Few executives know urology like Jim Robinson.
He oversaw the commercial launches of two of the most successful overactive bladder therapies in the U.S. as president of Americas Operations at Japanese giant Astellas Pharma Inc., where his unit generated $4 billion in annual revenue.
So why did Robinson decide to become chief executive of Urovant Sciences Ltd. (Nasdaq: UROV), a much smaller Irvine-based firm with no revenue?
“We have a really impressive team” of executives and board members, Robinson told the Business Journal.
Its principal medication that treats overactive bladder issues, vibegron, has “unique advantages” in the field of urology, a sector that hasn’t seen a breakthrough product since 2012, he said.
Robinson is betting on a company that thus far has not impressed Wall Street. After its initial public offering at $14 a share in 2018, its shares fell to around $7 twice in the past year and are now hovering around $10.33 at press time.
The company has a market cap of $303 million as of June 30, ranking it No. 38 on the Business Journal’s annual list of publicly traded companies (see list, page 12).
Analysts are expecting the company will get regulatory approval set for December and are projecting sales may explode from $15.7 million in 2021 to about $148.2 million in 2022.
Robinson is prepping for that growth, saying Urovant’s headcount will grow from its current 85 employees to more than 300 in a year.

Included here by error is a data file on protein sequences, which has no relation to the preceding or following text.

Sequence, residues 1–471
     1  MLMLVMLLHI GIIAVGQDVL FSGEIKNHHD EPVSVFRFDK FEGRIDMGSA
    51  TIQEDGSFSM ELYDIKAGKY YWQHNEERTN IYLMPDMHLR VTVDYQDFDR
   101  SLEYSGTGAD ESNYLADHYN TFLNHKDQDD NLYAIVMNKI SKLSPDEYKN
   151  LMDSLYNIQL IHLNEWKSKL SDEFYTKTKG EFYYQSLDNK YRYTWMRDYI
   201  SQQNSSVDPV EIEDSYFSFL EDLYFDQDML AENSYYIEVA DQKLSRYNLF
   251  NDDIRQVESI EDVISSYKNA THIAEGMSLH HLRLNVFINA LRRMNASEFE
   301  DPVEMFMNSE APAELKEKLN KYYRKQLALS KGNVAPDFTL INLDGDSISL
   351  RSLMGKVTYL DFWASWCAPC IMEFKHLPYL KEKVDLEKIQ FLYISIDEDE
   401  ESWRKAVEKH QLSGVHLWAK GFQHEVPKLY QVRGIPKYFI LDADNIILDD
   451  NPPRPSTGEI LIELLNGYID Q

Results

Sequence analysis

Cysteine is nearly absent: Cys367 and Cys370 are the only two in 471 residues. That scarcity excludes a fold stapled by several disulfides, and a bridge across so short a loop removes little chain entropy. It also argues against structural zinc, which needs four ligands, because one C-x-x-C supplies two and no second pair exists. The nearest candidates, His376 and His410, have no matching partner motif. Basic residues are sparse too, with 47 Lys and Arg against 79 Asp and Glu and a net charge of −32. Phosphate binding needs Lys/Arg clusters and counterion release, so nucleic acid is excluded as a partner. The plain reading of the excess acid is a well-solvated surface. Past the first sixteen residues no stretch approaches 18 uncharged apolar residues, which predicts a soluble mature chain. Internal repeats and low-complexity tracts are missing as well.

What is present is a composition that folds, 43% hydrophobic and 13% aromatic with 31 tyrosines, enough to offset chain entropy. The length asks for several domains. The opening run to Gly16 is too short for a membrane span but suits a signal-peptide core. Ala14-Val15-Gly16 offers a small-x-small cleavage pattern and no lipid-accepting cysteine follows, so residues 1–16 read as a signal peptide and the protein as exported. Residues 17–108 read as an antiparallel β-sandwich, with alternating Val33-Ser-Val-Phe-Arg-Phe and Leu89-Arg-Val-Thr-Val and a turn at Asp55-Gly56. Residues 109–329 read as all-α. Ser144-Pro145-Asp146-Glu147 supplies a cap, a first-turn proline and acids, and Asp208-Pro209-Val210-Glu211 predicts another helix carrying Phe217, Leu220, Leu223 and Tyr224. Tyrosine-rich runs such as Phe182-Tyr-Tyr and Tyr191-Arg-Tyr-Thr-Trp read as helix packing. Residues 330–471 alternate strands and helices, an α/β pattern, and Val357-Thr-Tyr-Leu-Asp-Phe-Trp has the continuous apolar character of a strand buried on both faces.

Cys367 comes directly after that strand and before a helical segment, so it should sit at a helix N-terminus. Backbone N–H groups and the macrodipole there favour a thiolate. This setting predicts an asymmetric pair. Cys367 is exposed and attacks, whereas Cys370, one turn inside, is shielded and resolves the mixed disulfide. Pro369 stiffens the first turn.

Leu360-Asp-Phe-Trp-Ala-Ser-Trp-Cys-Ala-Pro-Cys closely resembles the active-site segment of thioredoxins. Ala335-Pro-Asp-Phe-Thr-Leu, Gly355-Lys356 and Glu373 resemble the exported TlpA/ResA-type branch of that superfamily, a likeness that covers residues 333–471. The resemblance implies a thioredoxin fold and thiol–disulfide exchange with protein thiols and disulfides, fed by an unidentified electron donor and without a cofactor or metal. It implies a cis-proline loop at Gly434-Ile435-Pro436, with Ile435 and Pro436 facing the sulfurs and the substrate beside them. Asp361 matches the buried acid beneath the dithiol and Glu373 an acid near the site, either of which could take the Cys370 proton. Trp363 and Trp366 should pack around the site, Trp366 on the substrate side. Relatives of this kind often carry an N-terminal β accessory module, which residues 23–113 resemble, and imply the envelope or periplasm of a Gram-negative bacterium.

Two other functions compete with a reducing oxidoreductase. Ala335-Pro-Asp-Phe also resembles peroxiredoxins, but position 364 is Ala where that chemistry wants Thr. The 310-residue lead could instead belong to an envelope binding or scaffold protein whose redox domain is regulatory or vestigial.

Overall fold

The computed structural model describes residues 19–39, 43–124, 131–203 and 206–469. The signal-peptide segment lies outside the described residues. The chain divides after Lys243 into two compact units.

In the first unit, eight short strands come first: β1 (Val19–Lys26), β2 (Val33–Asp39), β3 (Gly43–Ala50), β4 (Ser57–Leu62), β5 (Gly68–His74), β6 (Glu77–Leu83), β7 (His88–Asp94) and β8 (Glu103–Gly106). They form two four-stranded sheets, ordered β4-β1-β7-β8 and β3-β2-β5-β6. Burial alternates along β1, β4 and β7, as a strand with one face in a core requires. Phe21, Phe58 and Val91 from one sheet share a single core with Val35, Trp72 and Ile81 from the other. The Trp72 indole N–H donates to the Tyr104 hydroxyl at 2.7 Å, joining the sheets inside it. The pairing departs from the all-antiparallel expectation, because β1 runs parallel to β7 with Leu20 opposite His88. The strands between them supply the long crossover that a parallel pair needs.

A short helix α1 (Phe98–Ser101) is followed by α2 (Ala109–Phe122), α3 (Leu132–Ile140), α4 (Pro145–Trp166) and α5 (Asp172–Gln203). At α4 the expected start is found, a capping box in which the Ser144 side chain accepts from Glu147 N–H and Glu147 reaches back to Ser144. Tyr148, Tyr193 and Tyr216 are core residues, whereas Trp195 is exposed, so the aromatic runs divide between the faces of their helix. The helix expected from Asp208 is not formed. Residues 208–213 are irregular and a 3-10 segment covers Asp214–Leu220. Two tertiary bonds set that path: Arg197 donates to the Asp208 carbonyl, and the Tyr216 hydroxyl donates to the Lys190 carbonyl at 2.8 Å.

And he’s planning to stay in Irvine, noting the company recently signed a lease for another floor at its headquarters at 5281 California Ave.
“Why anyone would ever leave Orange County needs to have their heads examined,” said the Chicago native. “The weather here is incredible.”
Robinson, who has a Bachelor of Science degree from DePaul University, began his career in 1992 at pharmaceutical giant Schering-Plough Corp., where he rose through the ranks to become vice president in charge of hepatitis sales. He said the 13 years he spent at Schering was like earning a Ph.D. in business.
“I was fortunate to have a fundamental foundation,” Robinson said. “I’ve had great mentors.”
He also worked as a president and chief operating officer at Paragon Biosciences LLC and served as CEO of Qlarity Imaging, a Paragon portfolio company.
He gained experience in earnings calls on Wall Street by serving as president and COO at Alkermes PLC (Nasdaq: ALKS), a $3 billion market cap company that develops drugs for people living with debilitating diseases such as schizophrenia and multiple sclerosis.
Robinson became familiar with Urovant after joining its board in 2019. The company on March 23 named Robinson CEO, taking over the spot from the company’s first chief executive, Keith Katkin, who will remain as an adviser for the next five years.
“Having worked closely with Jim on the Urovant board, I know he is the right leader at this stage of the company’s growth,” Katkin, former CEO of Aliso Viejo’s Avanir Pharmaceuticals, said in a statement at the time.
“Jim has the background, experience and entrepreneurial spirit to drive near-term shareholder value creation, as well as long-term success.”
Beginning in a Pandemic
It’s been unusual taking over in the middle of a pandemic, Robinson said.
“This is my first week in the office,” Robinson told the Business Journal during a June 18 interview following the company’s fourth-quarter earnings call.